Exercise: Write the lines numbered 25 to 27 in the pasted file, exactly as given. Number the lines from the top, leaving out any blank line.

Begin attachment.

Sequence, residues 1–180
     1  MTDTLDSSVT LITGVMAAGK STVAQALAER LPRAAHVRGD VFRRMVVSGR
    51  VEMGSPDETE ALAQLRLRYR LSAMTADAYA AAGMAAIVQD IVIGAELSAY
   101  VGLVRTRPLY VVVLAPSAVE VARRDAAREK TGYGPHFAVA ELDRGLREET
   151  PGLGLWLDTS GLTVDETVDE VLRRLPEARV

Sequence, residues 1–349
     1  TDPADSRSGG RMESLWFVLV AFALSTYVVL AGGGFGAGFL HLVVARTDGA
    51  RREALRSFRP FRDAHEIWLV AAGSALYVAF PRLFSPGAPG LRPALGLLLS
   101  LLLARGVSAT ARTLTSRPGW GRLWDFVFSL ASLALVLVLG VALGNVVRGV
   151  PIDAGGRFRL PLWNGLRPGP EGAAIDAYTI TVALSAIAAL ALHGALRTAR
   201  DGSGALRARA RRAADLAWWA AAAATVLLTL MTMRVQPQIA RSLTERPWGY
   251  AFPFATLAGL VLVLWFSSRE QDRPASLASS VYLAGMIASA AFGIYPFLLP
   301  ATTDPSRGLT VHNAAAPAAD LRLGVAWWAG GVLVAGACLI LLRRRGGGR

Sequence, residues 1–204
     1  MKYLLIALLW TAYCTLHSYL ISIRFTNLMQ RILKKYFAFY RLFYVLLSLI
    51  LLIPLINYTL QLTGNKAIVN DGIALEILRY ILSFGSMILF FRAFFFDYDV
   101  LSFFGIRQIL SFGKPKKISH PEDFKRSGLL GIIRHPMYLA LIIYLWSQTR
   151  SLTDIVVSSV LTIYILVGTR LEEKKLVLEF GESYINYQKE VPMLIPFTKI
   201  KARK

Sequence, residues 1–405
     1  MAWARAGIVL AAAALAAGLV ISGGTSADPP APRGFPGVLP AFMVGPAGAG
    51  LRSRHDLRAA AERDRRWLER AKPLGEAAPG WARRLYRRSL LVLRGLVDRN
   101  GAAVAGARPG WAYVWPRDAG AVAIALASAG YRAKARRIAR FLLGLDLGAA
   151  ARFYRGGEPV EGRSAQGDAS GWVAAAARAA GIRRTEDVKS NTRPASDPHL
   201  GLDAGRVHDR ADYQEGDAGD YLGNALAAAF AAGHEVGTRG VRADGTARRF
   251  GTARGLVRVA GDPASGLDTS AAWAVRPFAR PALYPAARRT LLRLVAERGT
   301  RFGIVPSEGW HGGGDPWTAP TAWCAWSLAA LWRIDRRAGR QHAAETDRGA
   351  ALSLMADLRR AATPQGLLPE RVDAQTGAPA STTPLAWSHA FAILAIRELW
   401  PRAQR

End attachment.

   201  GLDAGRVHDR ADYQEGDAGD YLGNALAAAF AAGHEVGTRG VRADGTARRF
   251  GTARGLVRVA GDPASGLDTS AAWAVRPFAR PALYPAARRT LLRLVAERGT
   301  RFGIVPSEGW HGGGDPWTAP TAWCAWSLAA LWRIDRRAGR QHAAETDRGA